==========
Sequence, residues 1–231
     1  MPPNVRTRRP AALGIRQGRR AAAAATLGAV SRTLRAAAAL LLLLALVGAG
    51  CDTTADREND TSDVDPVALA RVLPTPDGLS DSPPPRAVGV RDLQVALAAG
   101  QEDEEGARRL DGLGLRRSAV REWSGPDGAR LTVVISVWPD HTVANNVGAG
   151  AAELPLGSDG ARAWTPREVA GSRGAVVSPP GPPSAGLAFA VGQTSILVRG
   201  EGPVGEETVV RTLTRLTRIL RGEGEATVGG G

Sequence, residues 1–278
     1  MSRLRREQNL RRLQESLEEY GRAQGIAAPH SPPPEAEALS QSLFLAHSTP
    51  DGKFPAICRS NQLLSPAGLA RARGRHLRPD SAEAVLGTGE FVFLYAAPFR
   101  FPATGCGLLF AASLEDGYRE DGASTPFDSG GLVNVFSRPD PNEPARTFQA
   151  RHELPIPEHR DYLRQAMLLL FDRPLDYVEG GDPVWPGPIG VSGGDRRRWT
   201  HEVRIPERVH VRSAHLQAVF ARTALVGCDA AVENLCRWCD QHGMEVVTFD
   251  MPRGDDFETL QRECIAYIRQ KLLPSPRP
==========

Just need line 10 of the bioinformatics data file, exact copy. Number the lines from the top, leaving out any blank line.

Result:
   101  FPATGCGLLF AASLEDGYRE DGASTPFDSG GLVNVFSRPD PNEPARTFQA